Compromised Art, by Default Assumption

Unlike other artistic activities, where someone can paint a picture by themselves, or even a band member can write a tune just using his instrument alone, how many people would say you were roleplaying, if you did it alone?

To be more specific, there is no solo recourse in this artistic activity, it seems. And to work with a group always means compromise – it always means compromising art. If you don’t compromise, your not roleplaying, it would seem.

I’m not sure a default assumption of always compromising art is healthy.

I’m going to look into a default of no compromise, and perhaps compromising to others needs (ie, they get to participate to some degree/at all, and how much) if I feel like doing so.

The idea of others not, by default, being able to participate, would probably classify it as not being roleplay, to most roleplayers. But on the other hand, that would assume they should always get a say in everyone elses art. In painting, sculpting or music, this assumption doesn’t exist. Someone can do it alone and it’s still recognised as painting or such. You don’t get people saying ‘Unless you compromise your art to include me somehow, your not actually painting’.

It occurs to me there’s a lack of indipendence in the artistic pursuit that is roleplaying.

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6 thoughts on “Compromised Art, by Default Assumption

  1. But is it necessary that independence is a conceivable condition for an artistic pursuit? It doesn’t follow that if Pursuit P can be accomplished alone, then being able to accomplish it alone validates (or invalidates) Pursuit P. Or to put it better, can-perform-while-alone is a property of Pursuit P, but it is not necessarily a property of all Pursuits.

    So, it can still be an artistic pursuit without independence. I don’t see this as a problem, though. There are plenty of examples of artistic pursuit that have no independence (orchestral music comes to mind).

  2. Hi Andrew,

    The musicians in an orchestra can play their instruments outside, by themselves, and create some music by themselves, can’t they? And it’s still called music.

    And I’m not saying independence has to be a condition for an artistic pursuit. I’m saying it’s probably unhealthy to continually compromise artistic expression, rather than just flat out express. So I’m saying it’s probably unhealthy if an artistic pursuit has no indipendent recource that is still recognised as being part of that artistic pursuit.

  3. Two things come to mind from your response. First, the lack of independence does not entail a compromise of artistic expression. In fact, if the artform requires interdependence, attempting an independent expression of it would compromise the artform itself.

    Second, roleplaying does have independent recourse in the activities of character generation and GM preparation. Both of these require the player to engage in some aspect of roleplaying, including the roleplayed relationships with other characters – albeit an internal or silent engagement with those story elements. I note that last year, How to Host A Dungeon (http://planet-thirteen.com/Dungeon.aspx) was released as a solo RPG.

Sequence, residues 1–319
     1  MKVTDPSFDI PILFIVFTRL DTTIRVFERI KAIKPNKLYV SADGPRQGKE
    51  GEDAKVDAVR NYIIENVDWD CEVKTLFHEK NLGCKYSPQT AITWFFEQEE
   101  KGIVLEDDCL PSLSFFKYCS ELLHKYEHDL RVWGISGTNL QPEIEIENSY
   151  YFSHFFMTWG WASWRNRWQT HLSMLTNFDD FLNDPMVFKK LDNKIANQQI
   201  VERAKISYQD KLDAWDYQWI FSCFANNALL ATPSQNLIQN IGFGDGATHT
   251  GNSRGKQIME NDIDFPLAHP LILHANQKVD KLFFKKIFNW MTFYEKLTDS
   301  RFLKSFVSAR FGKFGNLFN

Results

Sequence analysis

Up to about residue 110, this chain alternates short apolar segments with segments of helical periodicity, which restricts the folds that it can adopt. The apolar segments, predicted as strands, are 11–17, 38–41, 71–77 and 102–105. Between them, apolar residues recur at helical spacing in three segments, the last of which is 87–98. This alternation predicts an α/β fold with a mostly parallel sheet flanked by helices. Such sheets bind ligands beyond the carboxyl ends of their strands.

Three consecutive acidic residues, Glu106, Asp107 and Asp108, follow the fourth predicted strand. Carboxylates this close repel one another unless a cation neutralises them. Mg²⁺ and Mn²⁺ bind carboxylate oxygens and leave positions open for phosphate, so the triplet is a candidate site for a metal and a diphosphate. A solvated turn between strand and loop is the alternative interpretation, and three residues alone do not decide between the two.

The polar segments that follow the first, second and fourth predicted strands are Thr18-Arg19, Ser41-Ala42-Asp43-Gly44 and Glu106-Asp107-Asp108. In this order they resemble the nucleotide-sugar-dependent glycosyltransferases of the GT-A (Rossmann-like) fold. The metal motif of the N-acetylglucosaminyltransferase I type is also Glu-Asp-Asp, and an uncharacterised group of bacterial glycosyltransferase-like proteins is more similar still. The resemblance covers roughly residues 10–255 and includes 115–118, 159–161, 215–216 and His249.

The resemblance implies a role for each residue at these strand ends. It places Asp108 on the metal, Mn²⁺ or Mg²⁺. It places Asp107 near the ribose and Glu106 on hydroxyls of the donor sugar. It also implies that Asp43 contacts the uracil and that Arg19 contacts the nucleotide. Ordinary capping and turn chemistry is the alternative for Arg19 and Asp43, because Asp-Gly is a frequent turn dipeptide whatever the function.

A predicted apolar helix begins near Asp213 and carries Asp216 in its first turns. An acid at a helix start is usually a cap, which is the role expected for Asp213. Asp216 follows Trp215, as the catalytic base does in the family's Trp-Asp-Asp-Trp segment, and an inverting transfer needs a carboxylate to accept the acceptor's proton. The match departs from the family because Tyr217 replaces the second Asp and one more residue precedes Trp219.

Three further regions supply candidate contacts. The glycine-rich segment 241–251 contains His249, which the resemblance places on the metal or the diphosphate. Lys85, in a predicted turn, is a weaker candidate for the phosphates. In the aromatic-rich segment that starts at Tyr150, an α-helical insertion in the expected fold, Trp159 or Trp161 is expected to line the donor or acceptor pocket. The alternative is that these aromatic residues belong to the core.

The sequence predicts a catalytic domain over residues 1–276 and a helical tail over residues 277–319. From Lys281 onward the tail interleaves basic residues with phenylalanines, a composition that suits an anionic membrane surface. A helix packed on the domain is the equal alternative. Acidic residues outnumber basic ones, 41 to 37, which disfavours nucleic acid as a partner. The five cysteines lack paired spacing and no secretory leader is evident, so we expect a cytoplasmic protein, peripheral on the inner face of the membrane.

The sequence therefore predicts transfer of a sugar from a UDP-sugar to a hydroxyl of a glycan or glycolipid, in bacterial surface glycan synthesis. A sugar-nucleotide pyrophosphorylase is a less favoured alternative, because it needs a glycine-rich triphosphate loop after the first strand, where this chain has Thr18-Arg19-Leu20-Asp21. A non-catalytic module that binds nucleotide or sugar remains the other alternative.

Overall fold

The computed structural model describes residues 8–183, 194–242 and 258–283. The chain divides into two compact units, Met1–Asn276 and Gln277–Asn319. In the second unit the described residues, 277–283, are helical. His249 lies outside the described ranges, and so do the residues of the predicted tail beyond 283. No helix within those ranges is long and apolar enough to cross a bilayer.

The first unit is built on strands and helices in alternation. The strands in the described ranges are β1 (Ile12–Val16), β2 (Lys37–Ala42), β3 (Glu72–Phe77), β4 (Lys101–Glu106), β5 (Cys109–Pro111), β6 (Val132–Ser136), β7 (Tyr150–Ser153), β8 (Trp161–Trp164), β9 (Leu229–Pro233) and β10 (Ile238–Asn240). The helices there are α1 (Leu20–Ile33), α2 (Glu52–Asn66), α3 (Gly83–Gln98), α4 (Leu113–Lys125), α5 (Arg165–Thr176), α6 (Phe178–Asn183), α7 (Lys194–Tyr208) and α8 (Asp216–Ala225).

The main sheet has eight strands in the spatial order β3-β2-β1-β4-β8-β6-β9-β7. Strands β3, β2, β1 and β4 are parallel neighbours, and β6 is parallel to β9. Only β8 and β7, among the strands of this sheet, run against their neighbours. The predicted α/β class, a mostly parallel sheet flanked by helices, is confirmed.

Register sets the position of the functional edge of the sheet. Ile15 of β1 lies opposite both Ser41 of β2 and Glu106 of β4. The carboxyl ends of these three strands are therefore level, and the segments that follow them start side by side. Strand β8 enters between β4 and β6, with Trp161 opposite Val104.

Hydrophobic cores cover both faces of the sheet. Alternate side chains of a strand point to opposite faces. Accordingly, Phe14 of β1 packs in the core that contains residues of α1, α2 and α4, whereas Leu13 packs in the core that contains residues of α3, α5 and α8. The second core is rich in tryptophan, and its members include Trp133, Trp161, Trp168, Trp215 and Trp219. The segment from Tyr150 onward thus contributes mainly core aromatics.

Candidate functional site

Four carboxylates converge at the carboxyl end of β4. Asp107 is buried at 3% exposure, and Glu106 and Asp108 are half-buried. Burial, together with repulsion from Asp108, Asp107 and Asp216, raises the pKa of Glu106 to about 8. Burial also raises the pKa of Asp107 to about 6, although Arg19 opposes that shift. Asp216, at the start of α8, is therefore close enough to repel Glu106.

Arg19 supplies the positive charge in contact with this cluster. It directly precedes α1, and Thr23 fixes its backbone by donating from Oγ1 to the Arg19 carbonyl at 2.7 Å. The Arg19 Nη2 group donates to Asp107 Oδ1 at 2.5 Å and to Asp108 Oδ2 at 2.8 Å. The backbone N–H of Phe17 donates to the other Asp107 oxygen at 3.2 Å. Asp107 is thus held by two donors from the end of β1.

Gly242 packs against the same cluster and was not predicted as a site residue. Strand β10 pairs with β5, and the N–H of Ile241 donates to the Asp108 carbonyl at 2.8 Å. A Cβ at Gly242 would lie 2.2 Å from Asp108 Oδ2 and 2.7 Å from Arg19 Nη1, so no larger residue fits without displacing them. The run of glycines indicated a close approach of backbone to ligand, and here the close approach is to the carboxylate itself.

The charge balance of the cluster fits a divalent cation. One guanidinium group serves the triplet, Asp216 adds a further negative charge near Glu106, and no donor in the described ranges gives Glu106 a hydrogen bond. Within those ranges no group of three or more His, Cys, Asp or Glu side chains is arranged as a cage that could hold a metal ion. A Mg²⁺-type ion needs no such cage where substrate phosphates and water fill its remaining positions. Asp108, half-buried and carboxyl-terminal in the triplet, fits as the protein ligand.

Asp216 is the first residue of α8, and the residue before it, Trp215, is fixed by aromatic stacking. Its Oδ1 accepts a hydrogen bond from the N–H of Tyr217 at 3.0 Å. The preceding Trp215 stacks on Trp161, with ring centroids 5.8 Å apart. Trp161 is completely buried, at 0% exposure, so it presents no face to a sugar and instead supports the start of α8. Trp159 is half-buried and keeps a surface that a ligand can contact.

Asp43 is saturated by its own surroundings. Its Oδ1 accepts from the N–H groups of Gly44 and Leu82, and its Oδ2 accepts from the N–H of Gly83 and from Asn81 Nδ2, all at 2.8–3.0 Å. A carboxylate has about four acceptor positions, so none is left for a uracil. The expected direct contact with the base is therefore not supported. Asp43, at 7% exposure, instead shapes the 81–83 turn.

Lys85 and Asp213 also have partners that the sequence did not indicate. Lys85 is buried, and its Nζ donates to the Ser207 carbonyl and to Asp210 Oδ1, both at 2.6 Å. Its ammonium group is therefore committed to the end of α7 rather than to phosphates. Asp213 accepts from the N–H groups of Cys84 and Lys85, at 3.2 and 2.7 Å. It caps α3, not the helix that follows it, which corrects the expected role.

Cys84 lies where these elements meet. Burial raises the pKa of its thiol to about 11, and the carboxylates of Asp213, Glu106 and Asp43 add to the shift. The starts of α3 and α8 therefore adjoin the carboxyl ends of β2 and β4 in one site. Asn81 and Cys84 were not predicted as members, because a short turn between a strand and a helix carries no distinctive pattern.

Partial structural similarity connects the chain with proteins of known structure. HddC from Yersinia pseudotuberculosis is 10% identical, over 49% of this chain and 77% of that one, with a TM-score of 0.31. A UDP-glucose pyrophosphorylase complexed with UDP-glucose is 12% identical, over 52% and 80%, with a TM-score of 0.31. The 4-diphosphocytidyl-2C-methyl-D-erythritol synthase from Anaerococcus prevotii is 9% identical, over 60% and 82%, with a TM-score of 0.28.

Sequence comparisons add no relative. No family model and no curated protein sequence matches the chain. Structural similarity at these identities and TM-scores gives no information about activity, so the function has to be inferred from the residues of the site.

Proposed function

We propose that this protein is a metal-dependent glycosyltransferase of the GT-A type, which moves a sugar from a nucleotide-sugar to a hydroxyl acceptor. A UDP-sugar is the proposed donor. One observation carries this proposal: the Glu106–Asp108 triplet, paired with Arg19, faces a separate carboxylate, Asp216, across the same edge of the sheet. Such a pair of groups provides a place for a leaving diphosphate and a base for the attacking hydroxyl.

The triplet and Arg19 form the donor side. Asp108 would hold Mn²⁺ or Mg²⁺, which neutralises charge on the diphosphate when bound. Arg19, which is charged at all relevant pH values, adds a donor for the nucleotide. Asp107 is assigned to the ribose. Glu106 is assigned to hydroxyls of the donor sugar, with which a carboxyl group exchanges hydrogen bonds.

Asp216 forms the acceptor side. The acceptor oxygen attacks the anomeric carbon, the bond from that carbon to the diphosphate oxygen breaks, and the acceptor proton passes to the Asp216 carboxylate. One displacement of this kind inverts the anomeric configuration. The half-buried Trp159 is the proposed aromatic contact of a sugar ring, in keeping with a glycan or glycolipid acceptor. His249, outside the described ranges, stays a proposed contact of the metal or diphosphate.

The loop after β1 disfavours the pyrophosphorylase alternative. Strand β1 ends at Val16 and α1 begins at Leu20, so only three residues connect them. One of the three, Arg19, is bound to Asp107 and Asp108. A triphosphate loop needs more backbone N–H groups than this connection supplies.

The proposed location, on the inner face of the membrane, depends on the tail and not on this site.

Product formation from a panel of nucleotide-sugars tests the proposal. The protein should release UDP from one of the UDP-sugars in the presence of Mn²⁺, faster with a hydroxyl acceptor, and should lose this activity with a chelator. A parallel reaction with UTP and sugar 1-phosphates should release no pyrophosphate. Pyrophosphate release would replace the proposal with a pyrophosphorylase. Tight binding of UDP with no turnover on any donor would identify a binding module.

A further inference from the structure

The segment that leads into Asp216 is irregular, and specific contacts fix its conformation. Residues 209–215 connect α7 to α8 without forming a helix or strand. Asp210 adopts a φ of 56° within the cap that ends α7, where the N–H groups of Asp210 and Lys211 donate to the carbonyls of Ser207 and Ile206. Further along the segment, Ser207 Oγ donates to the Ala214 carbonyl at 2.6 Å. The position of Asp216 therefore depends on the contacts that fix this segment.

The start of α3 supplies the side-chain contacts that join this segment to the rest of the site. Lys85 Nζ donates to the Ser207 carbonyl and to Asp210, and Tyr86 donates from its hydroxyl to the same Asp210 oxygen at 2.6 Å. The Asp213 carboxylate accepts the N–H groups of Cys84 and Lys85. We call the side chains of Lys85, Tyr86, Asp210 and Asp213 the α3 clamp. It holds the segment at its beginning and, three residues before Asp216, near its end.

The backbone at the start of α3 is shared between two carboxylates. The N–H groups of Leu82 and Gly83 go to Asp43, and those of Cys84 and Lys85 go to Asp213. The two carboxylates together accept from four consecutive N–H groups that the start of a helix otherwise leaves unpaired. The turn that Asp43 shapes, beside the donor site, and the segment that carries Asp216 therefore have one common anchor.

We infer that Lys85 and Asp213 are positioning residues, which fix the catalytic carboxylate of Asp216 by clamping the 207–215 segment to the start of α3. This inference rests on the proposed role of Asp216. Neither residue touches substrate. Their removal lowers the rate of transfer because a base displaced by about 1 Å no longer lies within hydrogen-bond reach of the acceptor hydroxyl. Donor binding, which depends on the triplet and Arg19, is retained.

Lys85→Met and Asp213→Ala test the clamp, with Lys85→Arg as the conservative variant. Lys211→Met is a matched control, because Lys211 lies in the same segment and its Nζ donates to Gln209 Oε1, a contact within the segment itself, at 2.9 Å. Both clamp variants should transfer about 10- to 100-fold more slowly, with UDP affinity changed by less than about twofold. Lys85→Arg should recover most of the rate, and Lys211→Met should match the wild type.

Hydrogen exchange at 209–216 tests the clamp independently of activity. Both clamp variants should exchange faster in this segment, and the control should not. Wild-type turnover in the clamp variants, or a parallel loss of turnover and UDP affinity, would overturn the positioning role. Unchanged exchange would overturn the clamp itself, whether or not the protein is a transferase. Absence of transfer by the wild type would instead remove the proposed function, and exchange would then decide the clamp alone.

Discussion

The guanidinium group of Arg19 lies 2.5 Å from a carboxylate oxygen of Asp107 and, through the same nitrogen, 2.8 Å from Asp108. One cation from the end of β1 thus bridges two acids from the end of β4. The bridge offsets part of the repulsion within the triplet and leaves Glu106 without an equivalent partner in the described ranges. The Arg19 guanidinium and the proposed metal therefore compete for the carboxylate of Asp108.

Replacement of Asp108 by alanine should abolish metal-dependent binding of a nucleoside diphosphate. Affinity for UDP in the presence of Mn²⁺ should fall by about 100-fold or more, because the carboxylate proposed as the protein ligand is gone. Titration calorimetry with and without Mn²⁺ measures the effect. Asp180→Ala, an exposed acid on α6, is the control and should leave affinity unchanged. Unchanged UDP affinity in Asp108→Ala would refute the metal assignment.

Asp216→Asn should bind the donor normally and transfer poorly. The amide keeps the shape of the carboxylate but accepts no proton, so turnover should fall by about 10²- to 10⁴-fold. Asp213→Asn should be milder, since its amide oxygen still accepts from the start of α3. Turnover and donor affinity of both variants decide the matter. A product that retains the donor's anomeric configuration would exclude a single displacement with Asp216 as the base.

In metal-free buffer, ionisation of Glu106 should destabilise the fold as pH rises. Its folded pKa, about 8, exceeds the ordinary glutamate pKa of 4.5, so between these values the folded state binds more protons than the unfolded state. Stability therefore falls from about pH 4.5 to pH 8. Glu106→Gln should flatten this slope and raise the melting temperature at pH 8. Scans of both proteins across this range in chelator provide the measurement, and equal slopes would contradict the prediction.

4. I don’t think artistic expression, as a sort of function of the brain, works that way. If a certain activity has had the entirely artificial requirement of working with others bolted onto it, that doesn’t mean that brain function suddenly needs other people to function. That’s just the activities requirement, rather than what the artistic bit of brain needs to do what it does.

    In terms of character generation and GM prep, this is only doing half a thing, as I see it. Like doing one half of a painting, instead of a whole one. I don’t see this as a solo recource while half the canvas is blank – unless it being blank is like part of the expression itself, which would be eerie and kinda weird, but I could see that.

  5. Artistic expression isn’t a brain function, it’s a socio-linguistic function. Although it supervenes on brain function, it doesn’t help to talk about it at that level (for an extreme example, consider discussing economics in terms of quantum mechanics – possible, but difficult and useless).

    I think, though, that you are drawing a different distinction, but it’s a false dichotomy. It is possible to dance most parts of Swan Lake alone, but it isn’t Swan Lake. It’s also impossible to dance each of the parts of Swan Lake alone because some require two people (the lifts, for example). Although it is possible to dance alone, it is not possible to dance the original choreography of Swan Lake alone. None of these facts devalue the artistic integrity of solo dance, or the value of Swan Lake; but they also indicate that there are some specific and particular artistic pursuits which require more than one person.

  6. Not really? Swan lake is a set of artifical requirements placed onto the idea of dance. That someone invented the multi person requirement to be imposed on dance, doesn’t mean roleplay must have multi person requirements imposed on it. Unless your saying roleplay is like swan lake, just a derivative of some other artform? With swan lake, it’s a derivative of dance. Are you saying roleplay is a derivative of something else?

    Besides, my point was that it’s probably mentally unhealthy to continually compromise art. Even if it were a requirement, it’d be an unhealthy one in such a case.

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